"We attached a flower called a Bittersweet Nightshade to the stinger of The Modal Shop's electrodynamic shaker with integrated amplifier, called the SmartShaker. We then connected the shaker to a data acquisition system to output different frequency signals to it and programmed our software to communicate between the computer, data acquisition system and the shaker," says Callin Switzer, a Harvard University graduate student working on the project.
Most plants entice bees to gather their pollen by producing nectar, a sweet food for the bees. Some plants, however, do not produce nectar, yet Bumblebees are drawn to their color, smell or even the electric charge of the plant.
Bumblebees grasp these flowers and shake the pollen out. They take the pollen back to their hives and feed it to their young. Some pollen, however, sticks to the bodies of the bees and increases the likelihood of pollination between plants. This experiment is designed to study different vibration frequencies and how they affect the release of pollen in these types of nectar-less plants.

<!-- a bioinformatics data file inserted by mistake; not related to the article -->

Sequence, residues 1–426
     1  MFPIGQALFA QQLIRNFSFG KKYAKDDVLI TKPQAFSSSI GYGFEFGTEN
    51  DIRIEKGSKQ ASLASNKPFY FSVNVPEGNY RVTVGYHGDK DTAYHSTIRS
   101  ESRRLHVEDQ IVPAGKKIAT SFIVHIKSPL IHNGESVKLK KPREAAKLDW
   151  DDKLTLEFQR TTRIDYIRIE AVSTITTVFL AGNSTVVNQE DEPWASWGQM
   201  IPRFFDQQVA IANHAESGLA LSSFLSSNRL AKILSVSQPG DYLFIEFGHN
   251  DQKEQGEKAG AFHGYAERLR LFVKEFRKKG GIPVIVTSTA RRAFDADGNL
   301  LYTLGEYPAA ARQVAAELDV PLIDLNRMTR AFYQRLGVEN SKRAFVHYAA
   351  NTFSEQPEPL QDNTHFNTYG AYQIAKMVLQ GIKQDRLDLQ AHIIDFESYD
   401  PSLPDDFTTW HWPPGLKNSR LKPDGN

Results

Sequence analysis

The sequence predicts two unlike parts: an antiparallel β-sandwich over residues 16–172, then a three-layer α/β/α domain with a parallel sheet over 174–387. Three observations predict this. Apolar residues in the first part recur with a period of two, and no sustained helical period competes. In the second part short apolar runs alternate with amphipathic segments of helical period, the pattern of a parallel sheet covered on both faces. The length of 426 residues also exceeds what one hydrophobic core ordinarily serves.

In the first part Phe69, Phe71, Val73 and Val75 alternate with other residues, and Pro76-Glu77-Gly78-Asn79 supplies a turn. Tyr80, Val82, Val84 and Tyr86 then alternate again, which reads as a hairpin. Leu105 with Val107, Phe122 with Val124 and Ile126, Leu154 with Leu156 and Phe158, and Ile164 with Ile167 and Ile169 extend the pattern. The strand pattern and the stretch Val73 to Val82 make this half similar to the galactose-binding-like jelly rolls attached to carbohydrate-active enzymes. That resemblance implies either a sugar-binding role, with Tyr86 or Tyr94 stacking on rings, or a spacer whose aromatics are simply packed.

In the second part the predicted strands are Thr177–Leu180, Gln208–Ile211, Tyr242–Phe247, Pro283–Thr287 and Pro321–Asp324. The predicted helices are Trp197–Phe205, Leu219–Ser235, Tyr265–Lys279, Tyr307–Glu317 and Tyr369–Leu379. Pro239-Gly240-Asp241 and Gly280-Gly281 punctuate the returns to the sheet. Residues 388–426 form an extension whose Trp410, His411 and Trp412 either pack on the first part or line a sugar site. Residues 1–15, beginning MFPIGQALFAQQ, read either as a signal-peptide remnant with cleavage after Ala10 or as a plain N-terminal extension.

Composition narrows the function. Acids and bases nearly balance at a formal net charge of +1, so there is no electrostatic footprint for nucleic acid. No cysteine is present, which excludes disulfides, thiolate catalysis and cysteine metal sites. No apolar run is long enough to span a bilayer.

"We shined a laser on the flower to view the pollen coming out, and will use a piezoelectric accelerometer and signal conditioner in upcoming experiments to measure accelerations without having to digitize points with a high-speed camera," continues Switzer.
For more information on The Modal Shop SmartShaker, please visit www.modalshop.com/
About The Modal Shop
Based out of Cincinnati, OH, The Modal Shop is a PCB Group Company that manufactures electrodynamic shakers and vibration test products, calibration systems and non-destructive testing systems for a variety of industries from national test labs to the industrial floor. For a complete list of our products, as well as accompanying datasheets and spec sheets, visit us at www.modalshop.com or call 513-351-9919.
Kacey King Redmond
Kacey King Redmond